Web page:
Thursday, October 19, 2006

People, History, and the City are One

Even though the events of Albert Wendt’s Black Rainbow is set in the future, the novel itself is really about the past. In writing a novel in the future, the actions of the past and of the present are being critiqued and tested. With many allusions to the 20th Century, Wendt portrays that the things going on in our present world have heavy consequences for future generations. Generations of the future, as Wendt depicts, will drastically be forced to change the way of life we live in today; the results rather shocking.

The reader of Wendt’s Black Rainbow realizes that the reactions of the novel’s characters are more shocking than the acts themselves. The citizens do not find this odd at all. They do not know any other governmental structure or way of life—they take their system for granted. Eric, freeing himself from the constraints of society, starts to realize what is going on in the world around him. Becoming more aware of what he is, he discovers who the people around him are, and he learns of the interconnectedness of the city and the people.

Eric describes the ties the characters he has encountered share after he maps them out on his wall. He “established connections I’d not been aware of before, between my characters, until the walls were crisscrossed, bridged, connected with arrows, talk balloons, crossings-out and insertions, analogies, metaphors, similes, speculations, curses of frustration. My story, a collage of history, contained in the ever-moving present” (Wendt 189). From this passage, one can see—like in the theme of our classroom discussions of all of the novels we have read so far—how people, history, and the city are one. These aspects are a complete, never-ending, connected togetherness.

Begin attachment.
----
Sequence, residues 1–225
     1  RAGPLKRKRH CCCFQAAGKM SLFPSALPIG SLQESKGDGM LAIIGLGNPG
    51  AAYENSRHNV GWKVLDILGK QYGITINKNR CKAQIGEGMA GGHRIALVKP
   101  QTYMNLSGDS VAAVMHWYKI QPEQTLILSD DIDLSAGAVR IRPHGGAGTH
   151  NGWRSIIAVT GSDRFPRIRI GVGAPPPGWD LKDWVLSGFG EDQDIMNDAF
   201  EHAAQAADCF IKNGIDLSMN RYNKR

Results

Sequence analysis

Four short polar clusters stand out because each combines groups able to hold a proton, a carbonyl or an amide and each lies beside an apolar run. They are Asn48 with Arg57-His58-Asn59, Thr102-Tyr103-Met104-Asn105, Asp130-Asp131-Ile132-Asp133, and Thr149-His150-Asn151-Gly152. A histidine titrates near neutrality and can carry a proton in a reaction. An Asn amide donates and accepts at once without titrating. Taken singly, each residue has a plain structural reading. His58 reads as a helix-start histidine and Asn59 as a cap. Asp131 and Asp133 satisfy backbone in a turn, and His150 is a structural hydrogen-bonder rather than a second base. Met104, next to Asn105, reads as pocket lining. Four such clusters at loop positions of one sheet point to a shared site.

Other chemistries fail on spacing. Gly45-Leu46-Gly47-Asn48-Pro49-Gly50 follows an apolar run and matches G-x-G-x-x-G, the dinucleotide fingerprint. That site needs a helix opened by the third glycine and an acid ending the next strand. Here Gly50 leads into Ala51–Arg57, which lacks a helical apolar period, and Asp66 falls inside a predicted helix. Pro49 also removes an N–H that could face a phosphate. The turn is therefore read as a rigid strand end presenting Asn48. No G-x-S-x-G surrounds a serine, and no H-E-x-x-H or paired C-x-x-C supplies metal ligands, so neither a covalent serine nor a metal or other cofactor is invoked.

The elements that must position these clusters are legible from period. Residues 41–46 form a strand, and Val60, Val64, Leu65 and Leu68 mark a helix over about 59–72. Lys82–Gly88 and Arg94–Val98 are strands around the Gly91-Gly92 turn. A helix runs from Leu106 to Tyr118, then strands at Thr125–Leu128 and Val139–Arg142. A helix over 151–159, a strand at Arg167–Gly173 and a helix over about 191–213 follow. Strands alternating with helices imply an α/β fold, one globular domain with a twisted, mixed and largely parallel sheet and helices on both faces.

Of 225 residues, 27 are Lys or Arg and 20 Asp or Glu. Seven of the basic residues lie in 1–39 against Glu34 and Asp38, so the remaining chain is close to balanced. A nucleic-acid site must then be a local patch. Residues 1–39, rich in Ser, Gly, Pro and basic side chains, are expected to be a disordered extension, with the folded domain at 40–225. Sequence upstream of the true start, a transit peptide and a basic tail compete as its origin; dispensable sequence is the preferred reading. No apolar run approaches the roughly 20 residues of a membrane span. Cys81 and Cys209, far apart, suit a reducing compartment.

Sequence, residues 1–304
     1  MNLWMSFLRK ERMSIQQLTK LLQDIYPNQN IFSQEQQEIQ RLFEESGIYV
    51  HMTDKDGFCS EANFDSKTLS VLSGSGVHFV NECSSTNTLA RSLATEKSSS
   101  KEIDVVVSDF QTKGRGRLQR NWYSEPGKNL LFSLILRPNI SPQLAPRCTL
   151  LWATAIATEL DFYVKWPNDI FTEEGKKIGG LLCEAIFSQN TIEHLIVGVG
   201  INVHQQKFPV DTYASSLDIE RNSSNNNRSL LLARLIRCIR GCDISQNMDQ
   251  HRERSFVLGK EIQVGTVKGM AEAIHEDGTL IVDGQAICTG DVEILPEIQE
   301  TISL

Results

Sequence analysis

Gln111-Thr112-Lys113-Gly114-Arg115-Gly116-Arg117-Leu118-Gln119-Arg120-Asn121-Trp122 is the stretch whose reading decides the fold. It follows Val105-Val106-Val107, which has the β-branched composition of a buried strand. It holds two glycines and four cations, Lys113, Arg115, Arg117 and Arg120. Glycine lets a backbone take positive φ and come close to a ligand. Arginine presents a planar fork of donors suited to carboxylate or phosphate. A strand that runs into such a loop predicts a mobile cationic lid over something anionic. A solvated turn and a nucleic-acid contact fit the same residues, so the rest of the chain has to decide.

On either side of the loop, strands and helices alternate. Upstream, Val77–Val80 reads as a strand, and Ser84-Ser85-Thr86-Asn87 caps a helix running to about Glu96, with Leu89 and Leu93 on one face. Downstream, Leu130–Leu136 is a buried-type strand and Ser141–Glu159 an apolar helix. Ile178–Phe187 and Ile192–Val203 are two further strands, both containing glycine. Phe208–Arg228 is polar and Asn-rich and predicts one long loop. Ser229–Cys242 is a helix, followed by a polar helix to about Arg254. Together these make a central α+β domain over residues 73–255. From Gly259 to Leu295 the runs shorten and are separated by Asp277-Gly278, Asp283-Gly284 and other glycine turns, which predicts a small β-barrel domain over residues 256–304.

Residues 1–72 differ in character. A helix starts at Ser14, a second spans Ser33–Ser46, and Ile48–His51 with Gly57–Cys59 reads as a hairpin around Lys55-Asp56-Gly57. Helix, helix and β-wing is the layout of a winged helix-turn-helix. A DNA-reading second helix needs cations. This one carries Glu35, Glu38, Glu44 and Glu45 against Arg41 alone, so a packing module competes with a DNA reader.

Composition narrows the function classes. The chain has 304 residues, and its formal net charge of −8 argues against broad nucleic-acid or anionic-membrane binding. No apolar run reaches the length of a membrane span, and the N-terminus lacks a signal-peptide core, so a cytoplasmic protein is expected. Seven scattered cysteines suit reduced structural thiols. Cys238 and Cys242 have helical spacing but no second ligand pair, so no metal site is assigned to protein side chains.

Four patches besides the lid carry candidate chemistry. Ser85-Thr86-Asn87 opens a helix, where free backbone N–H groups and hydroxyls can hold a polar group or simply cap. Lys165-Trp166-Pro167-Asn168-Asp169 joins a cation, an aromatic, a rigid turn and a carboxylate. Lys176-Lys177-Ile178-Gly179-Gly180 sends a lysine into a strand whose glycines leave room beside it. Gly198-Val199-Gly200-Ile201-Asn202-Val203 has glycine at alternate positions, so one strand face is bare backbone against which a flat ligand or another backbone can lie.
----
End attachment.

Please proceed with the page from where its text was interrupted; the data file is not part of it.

Average citizens do not know the difference between free will and predetermination. Not only do they not know what it is like to have free will, they also do not question the government, who, in the end decide the fate of each individual. History is illegal in the utopian society of the future. For the price of their individuality, freedom, and history, their society does not experience illness, death, crime, or privacy. In ridding themselves of their history, do citizens start out with a clean slate, or with a loss of everything?

In the end, is denying oneself their personal history positive or negative? Does the lack of history make their city incomplete? Is their “perfect” society really perfect? Is their utopia, in reality, a dystopia? Do we just feel that way because we are unable to rid ourselves of our own histories? Is our society of today truly in the disarray Wendt suggests? Would Wendt’s characters experience as much shock thinking about our savage culture as we do theirs? Similar to the ending of Wendt’s Black Rainbow, these questions are for the reader to ultimately decide.